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The Changing Housing Market - Part One

(You can listen to the podcast instead. Click the control button to the right.)

Last week I waded into the messy world of political Europe. I did so for a very good reason. What is happening to the political and economic scene in the eurozone is changing the way we need to think about certain asset classes. This blog is concerned with real estate, and we are just entering a new phase in the way houses are seen in our society, and unless you pay attention to what is happening you will be lost, and even start losing a great chunk of your wealth.

The housing market is changing. I shall have to write a new chapter in my book on housing markets, and how to understand them. If you haven't read my book, you wont be able to understand the housing market at all. You can get a copy here:

Two aspects of life have changed drastically over the last decade in the more economically advanced nations of the world. The first is the catastrophic fall in interest rates. The second is the continuing insanity and uncertainty that creeps into every aspect of economic life these days.

Let's clarify what I'm talking about first.

Traditionally, people bought houses with money. That meant only the rich could own property. The poor were effectively vassals of the rich. With the advent of the twentieth century this pattern of ownership changed, and changed drastically as the century wore on. The big mover was the introduction of facilities for buying things with income rather than with capital, what we now call mortgages.

In earlier times a mortgage was a straight cash deal, usually involving poor management by a rich owner, who, more often than not, defaulted, and lost the property. In other words, the mortgage was the prelude to a loss, rather than the prelude to ownership.

With the rise of modern mortgages, the real cost of a house was no longer its price, but the value of the monthly mortgage payment, and this in turn was dependent upon the current interest rate. If you borrowed £10,000 to buy a house when interest rates were 5%, then, over the life of the loan, you would be paying roughly £250 a year in interest on top of your monthly repayments. If the interest rate went up to 8% you would be paying £400 a year in interest. For someone with an income of £10 a week that would represent a substantial increase. It would, indeed, mean bankruptcy.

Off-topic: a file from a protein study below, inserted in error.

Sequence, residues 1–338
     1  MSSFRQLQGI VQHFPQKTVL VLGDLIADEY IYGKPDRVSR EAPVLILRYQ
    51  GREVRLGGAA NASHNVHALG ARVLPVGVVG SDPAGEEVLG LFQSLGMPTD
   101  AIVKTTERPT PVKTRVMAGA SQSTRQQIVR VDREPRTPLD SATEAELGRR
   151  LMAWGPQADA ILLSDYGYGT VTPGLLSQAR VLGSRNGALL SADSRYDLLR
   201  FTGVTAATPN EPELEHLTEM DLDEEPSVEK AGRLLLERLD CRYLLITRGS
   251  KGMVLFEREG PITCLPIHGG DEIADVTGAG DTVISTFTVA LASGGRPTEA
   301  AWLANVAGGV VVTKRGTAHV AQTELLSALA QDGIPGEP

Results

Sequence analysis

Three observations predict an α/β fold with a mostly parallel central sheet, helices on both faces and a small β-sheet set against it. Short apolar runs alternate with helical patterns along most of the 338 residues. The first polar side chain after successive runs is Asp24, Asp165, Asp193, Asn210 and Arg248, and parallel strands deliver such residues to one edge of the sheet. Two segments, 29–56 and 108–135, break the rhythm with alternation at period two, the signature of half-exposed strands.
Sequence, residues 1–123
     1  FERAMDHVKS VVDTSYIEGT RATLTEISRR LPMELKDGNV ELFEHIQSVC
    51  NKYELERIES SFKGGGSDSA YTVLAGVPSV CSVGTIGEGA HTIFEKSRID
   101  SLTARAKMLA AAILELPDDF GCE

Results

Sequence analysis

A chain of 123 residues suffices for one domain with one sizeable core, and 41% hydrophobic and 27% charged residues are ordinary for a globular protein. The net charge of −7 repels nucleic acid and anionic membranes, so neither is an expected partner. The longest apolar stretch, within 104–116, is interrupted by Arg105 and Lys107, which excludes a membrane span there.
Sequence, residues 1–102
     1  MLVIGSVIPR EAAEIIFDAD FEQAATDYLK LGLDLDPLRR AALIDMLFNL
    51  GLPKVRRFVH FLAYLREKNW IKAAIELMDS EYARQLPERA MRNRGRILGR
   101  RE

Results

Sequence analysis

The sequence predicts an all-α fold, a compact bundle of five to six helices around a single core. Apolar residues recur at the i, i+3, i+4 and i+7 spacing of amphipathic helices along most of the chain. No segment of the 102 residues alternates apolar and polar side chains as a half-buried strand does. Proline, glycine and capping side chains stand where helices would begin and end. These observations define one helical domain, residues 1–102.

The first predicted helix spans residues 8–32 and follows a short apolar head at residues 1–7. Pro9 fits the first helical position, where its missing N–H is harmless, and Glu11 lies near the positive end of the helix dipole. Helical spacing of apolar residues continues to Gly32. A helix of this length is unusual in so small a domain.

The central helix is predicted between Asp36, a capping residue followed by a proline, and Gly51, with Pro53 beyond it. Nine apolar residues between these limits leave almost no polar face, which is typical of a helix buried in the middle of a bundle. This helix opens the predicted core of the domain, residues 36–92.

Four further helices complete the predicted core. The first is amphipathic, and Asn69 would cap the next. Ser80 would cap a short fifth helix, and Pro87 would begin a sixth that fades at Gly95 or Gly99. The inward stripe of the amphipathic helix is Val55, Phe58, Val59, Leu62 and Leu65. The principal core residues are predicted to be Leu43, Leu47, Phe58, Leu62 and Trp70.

On the other side of the coin it would mean that as interest rates rose, so would the cost of a house, and therefore the price would have to come down to compensate.

The obvious conclusion is that in a mortgage driven world the important metric driving house prices will be the level of interest charged on the loan. This leads to all kinds of problems for people who dont understand how house prices move. The average person sees a low interest rate environment, and realises that repayments are cheap, and so rushes to buy a house, usually at an inflated price.

All is well until interest rates start to rise, and that is when the happy buyer turns into a depressed debtor. The value of his house falls in tandem with the rise of its cost.

I have always claimed that the ideal time to buy houses is when interest rates have been high, but have started to fall. That is the point at which prices are at their lowest, and as interest rates fall, the monthly cost of the purchase decreases. As the cost decreases so the price goes up because people can now afford to pay more to service the loan as the interest element is dropping.

If you buy when interest rates are low, you buy when prices are high, and the monthly cost can only increase when interest rates rise. This means you get hit with a double whammy. That's a stupid way to buy a big asset, but that's what most people do.

Interest rates are currently at their lowest ever in recorded history. Not only that, but we have the insane situation where the three largest economies on the planet are running negative interest rates. What does that mean? It means either one of two things. Either it means that money is worth bugger all, or that those economies running such low rates are totally bankrupt and can no longer pay more sensible rates for money borrowed.

Let me remind you of the legal definition of bankruptcy. It has nothing to do with debt, but everything to do with obligation. You can be in debt as much as you like, but not be anywhere near bankruptcy. The definition is: not being able to pay your debts as they fall due. If you roll over your debt, it doesn't fall due, and you live to fight another day. That's what governments have been doing for the last few decades. In short, all the world's debt is hanging by sky-hooks.

Can this go on much longer? Maynard Keynes once famously remarked that markets can remain irrational longer than investors can stay solvent. This situation may last a heck of a long time, but at some point the whole edifice has to collapse. The serious problem in life is not knowing when this collapse is likely to take place, and all financial transactions are currently done in this realm of uncertainty and sheer stupidity; which brings us right into that second problem I mentioned at the start of this foray.

How can anyone make any sensible decisions about the future when the situation is insane to start with, and one doesn't know how much longer the insanity will last? Tomorrow isn't a problem, it's the next day that's a worry.

The question that taxes the brains of those who deal in real estate is: how do we carry on in business while at the same time minimising risk? And, for the rest of us, how is the answer to that question going to affect the housing market going into the future?

We'll attempt an answer in Part Two of this investigation. See you next week.


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